Investigative Journalists End Conference in South Africa

Partial view of journalists at the conference.

By Joaquin Sendolo from Johannesburg, South Africa

Amid reports of corruption, repressive governance and human rights abuses around the world, the manager of Global Investigative Journalism (GIJ), David Kaplan, says the situation can change to make the world a better place if journalists collaborate to uncover these vices through their reports.

Kaplan spoke on November 16 at the 10th Global Investigative Journalism Conference in conjunction with the African Investigative Journalism Conference in Johannesburg, South Africa at the University of the Witwatersrand, or more popularly, Wits University.

His call for collaboration between journalists across the world stems from the fact that governments in almost every country find pleasure in keeping information on corruption secret because they engage in corruption and other human rights abuses, which Kaplan noted that if journalists become “Accountability watchdogs” they will hold public officials and others accountable, which could change the dynamics.

It may be recalled that in 2015, there was a big leak by the International Consortium of Journalists, “The Panama Papers,” that unveiled secret financial investments of some world leaders and business gurus. There was also a recent leak, “Paradise Papers,” that uncovered confidential electronic documents relating to offshore investments.

These instances, according to Kaplan, were the result of the role of investigative journalists, and that the only way to tackle the situation is for journalists to be more proactive and investigate them in order to build societies of peace and equality where human rights will be respected.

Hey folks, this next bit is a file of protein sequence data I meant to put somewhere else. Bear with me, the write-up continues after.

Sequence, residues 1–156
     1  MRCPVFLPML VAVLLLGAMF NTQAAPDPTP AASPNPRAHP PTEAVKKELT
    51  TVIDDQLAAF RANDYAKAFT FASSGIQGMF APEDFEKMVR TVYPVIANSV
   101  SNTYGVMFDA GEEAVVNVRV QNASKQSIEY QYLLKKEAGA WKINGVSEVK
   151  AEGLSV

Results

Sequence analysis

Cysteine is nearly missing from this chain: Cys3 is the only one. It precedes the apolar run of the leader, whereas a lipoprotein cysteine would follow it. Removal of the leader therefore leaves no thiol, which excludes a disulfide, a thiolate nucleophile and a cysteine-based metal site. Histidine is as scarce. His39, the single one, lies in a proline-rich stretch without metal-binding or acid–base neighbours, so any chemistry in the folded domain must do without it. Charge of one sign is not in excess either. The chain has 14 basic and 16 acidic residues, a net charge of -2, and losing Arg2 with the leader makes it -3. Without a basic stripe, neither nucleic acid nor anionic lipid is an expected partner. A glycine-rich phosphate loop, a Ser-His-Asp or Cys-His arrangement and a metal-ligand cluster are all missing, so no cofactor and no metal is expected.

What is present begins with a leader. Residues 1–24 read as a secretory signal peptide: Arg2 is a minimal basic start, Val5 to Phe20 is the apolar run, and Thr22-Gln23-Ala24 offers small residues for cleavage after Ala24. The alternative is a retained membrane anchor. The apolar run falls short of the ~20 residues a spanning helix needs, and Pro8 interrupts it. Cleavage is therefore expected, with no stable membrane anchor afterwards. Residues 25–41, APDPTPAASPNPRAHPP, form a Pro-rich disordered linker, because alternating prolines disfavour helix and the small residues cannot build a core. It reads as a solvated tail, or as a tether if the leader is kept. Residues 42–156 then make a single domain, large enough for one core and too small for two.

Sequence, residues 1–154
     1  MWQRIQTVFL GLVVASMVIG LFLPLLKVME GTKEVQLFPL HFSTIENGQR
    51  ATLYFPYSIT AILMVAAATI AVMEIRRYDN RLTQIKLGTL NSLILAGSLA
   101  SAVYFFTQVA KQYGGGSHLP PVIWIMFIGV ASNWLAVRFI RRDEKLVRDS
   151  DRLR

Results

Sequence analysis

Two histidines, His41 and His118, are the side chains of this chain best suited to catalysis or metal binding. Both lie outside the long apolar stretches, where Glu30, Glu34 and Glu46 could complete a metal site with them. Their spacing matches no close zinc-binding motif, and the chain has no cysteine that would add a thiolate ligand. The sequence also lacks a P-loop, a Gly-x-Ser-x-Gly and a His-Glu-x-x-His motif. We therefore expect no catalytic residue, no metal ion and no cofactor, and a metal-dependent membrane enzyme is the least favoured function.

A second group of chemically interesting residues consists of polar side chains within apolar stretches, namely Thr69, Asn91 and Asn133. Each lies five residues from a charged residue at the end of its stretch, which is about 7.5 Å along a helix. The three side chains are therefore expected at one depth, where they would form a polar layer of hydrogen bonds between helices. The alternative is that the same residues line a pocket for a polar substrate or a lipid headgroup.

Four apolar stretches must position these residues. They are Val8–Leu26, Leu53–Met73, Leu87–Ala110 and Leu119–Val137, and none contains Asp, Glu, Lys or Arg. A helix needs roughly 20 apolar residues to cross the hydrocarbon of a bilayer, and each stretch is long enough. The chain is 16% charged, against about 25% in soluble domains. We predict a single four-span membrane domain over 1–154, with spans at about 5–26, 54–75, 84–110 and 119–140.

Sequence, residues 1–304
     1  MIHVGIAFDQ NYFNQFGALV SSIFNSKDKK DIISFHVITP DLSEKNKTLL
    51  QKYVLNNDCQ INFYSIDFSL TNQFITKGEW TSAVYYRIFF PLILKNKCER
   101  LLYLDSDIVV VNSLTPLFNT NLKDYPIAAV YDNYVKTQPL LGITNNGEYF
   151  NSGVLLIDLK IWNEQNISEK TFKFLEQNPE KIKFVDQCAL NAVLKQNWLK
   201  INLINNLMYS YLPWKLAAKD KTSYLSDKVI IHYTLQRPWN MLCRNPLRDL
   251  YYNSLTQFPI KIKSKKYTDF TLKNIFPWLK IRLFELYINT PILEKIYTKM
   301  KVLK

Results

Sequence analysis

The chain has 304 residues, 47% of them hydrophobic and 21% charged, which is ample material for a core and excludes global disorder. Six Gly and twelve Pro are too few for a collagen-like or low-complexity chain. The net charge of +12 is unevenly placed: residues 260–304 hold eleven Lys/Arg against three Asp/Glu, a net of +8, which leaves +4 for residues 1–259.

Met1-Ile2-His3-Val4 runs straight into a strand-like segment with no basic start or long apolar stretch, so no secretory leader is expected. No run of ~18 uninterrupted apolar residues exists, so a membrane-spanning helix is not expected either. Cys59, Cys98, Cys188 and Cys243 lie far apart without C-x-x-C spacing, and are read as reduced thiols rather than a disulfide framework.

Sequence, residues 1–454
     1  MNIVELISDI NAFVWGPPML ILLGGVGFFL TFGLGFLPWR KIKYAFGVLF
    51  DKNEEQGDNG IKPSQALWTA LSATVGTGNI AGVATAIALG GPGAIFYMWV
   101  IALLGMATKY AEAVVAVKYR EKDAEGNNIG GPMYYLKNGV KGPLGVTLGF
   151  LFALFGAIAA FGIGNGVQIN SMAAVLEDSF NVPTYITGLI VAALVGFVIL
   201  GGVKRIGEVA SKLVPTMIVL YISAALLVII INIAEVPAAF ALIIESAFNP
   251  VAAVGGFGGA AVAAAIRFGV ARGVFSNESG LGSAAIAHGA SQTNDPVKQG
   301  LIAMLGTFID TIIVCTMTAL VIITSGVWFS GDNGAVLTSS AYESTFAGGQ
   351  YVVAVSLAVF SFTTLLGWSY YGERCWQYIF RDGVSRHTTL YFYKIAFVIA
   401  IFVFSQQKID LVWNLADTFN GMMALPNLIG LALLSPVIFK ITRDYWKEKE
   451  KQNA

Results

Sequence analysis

While investigating these practices are significant and journalists have a cardinal role to play, Kaplan said said investigations have led repressive governments and corrupt investors to become uneasy because of reports about their activities. Sadly, he said, these reports have led to the deaths of journalists around the world, and therefore they should collaborate in sharing information and speak out about the killing and incarceration of journalists in troubled areas.

In 2016 the Committee to Protect Journalists recorded that 48 journalists were killed in their various countries. In Iraq, 34 journalists were killed in 2017. Afghanistan and Syria are recorded to have the highest number of deaths of journalists.

The GIJ manager indicated that there is a need to have an independent and free media, but repressive leaders are using power to oppress journalists.

“If things must be done well in your countries, you have to hold people accountable. You cannot have a country where fraud and other malpractices are without accountability,” Kaplan noted.

The 10th Global Investigative Journalism Conference in Johannesburg is the first to be held on the African continent since it started in 2003 and brought together about 1,200 journalists from 130 countries. During the conference, delegates attended lecture sessions and symposiums on various topics of interest to them. Among topics discussed were: Global Health Issues, Reporting under Repressive Regime, Ethics for Investigators, Investigative Journalism in Africa, Undercover Reporting, among others.

Speakers were selected on the basis of their experience in reporting on the issues being discussed. Among them was Nigerian journalist Rosemary Nwaebuni, who published a baby-selling cartel story in her country under the headline, “Baby Farming in Nigeria.”

The conference was climaxed by a ceremony where the Global Shining Light Award with the prize of US$2,000 awarded to individuals and teams who performed exceptionally well in reporting corruption and human rights abuses. The African Investigative Journalism Conference also awarded the Fact Checking Award to four African journalists, with a Senegalese journalist named ‘Best Fact Checker.’


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